I barely blinked as Madeline raged on.

“I disembowel worm eaten books so I can pinpoint their origins. Can a computer give you that experience? From my touching and smelling - forsaken tactile interactions with books, I understand that every book has a history that will never be copied onto a computer screen.”

Madeline’s wrath was now out of control, so I blurted out, “My dad is outside waiting for me. I have to go.”

As I started to walk away, Madeline grabbed my hands and whispered, “What are we to do? You, Zoe, are the future. It’s up to you. To no avail I have written numerous articles in scholarly journals bemoaning how libraries and universities are turning their backs on the physical properties of the book. What will it take Zoe, to get the public to realize what’s happening to our books?”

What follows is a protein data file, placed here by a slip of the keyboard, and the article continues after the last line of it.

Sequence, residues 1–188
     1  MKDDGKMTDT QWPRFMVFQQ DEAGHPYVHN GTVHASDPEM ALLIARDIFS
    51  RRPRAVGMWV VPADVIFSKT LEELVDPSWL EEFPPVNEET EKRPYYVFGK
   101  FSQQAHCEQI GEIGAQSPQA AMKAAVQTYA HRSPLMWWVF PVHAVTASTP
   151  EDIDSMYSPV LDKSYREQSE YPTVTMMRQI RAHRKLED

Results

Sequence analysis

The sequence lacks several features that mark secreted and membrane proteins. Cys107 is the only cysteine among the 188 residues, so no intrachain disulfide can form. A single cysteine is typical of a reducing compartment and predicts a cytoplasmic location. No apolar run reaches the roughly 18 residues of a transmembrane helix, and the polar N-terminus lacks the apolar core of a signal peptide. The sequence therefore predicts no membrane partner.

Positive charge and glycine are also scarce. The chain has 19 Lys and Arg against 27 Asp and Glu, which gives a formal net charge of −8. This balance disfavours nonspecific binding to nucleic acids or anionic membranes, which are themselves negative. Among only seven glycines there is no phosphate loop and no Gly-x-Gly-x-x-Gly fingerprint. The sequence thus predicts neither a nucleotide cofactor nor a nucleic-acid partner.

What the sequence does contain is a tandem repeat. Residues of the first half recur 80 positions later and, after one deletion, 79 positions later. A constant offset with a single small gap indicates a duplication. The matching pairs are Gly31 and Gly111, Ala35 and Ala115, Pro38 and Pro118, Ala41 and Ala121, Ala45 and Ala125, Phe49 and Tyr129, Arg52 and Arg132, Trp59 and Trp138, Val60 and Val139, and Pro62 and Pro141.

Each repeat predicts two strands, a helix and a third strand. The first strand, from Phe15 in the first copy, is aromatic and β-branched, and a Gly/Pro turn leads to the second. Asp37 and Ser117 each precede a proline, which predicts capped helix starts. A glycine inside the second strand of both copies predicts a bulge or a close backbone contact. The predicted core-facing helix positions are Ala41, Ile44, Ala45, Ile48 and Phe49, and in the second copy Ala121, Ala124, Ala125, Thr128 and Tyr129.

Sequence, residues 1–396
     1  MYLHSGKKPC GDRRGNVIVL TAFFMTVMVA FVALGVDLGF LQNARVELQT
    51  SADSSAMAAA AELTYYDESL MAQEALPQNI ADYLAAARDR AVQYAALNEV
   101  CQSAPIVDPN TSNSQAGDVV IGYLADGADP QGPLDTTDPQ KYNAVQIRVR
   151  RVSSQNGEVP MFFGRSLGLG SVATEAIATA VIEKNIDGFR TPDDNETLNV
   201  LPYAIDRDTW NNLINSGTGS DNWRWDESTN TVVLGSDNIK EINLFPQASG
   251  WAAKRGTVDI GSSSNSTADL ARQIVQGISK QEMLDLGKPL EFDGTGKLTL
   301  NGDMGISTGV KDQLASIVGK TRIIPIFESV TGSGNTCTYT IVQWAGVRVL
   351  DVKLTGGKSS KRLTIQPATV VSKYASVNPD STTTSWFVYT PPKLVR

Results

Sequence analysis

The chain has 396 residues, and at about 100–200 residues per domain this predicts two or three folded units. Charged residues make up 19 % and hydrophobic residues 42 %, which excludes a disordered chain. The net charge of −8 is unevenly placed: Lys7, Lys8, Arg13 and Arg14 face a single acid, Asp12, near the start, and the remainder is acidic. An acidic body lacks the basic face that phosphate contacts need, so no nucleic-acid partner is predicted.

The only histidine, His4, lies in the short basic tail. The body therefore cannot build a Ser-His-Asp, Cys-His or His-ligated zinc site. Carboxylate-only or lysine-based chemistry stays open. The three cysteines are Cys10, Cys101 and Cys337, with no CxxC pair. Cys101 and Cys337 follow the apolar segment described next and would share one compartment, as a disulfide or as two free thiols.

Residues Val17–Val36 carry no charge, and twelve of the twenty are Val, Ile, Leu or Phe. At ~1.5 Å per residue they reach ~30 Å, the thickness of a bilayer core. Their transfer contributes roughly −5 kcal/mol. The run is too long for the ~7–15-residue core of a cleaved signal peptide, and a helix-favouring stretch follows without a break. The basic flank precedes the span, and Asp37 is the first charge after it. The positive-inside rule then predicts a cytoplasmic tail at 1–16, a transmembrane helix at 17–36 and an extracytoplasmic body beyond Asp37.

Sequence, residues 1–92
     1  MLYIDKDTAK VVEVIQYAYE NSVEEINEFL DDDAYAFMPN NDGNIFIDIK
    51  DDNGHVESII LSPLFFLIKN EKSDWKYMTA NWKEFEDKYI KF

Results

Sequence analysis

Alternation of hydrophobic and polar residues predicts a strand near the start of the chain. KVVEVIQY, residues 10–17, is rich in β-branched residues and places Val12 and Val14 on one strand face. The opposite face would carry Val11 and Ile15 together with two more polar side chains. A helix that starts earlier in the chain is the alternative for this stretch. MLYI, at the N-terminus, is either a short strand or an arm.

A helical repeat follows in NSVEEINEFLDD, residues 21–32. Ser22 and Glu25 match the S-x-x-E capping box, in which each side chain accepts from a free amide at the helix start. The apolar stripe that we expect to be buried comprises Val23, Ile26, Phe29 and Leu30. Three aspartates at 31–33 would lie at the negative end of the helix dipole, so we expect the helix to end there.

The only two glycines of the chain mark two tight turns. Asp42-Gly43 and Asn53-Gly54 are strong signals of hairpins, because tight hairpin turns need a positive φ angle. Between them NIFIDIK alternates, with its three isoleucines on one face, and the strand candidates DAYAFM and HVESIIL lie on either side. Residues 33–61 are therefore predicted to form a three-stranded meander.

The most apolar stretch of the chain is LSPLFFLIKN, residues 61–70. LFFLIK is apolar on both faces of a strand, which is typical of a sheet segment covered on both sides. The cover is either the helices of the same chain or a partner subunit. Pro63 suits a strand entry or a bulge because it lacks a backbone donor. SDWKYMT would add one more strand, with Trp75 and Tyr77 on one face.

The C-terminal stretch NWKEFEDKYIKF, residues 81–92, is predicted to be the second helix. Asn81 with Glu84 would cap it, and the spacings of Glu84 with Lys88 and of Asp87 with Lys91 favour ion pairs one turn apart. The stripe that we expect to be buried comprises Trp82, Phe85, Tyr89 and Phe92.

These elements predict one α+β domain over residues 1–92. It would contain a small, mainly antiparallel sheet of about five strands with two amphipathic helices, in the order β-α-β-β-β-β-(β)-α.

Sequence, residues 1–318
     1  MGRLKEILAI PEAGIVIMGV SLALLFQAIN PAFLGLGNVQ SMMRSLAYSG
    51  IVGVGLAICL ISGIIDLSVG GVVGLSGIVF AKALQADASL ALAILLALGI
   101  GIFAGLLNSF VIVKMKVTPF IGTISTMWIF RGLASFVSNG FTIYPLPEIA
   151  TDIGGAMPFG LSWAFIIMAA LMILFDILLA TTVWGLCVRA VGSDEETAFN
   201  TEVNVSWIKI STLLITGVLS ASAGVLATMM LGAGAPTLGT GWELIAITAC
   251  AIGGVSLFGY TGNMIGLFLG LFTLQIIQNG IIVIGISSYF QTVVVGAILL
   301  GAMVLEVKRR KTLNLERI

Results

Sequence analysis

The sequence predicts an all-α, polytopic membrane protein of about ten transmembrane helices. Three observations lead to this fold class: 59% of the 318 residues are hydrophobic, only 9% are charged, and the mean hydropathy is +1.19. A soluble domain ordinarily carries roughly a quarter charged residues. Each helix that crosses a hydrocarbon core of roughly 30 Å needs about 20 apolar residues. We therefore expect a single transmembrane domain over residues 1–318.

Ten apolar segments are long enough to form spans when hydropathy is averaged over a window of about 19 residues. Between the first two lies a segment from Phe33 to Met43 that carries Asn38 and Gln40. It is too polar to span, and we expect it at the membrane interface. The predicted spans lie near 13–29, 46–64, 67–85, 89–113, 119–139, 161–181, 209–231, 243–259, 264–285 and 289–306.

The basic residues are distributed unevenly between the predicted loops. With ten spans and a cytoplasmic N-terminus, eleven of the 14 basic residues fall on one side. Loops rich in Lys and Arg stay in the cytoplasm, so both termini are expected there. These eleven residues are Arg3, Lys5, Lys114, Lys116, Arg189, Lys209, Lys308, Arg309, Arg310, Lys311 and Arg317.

I repeated that my dad was waiting and I had to go, but Madeline like an exploding volcano spewed argument after argument.

“Well I tell you my dear. I had been agonizing over the problem until one day I realized the answer was here in this library.”

“Really,” I said, half listening, walking slowly but very determined to get to the exit.

When she saw I was at the door, in her deep, strong voice, Madeline yelled out,

“Go ahead. Run away, Zoe. Turn your back on books, and on your grandmother.”

I just kept walking. Not only was Madeline enraged, I was starting to boil too.

What was she talking about disemboweling worms and the answer is right here in the library? The answer to what – who stole The Gutenberg? Who killed Mere? One thing Madeline was right about was when she said that turning away from books was turning my back on my grandmother.

Continue Reading Next Chapter

About Us

Inkitt is the world’s first reader-powered publisher, providing a platform to discover hidden talents and turn them into globally successful authors. Write captivating stories, read enchanting novels, and we’ll publish the books our readers love most on our sister app, GALATEA and other formats.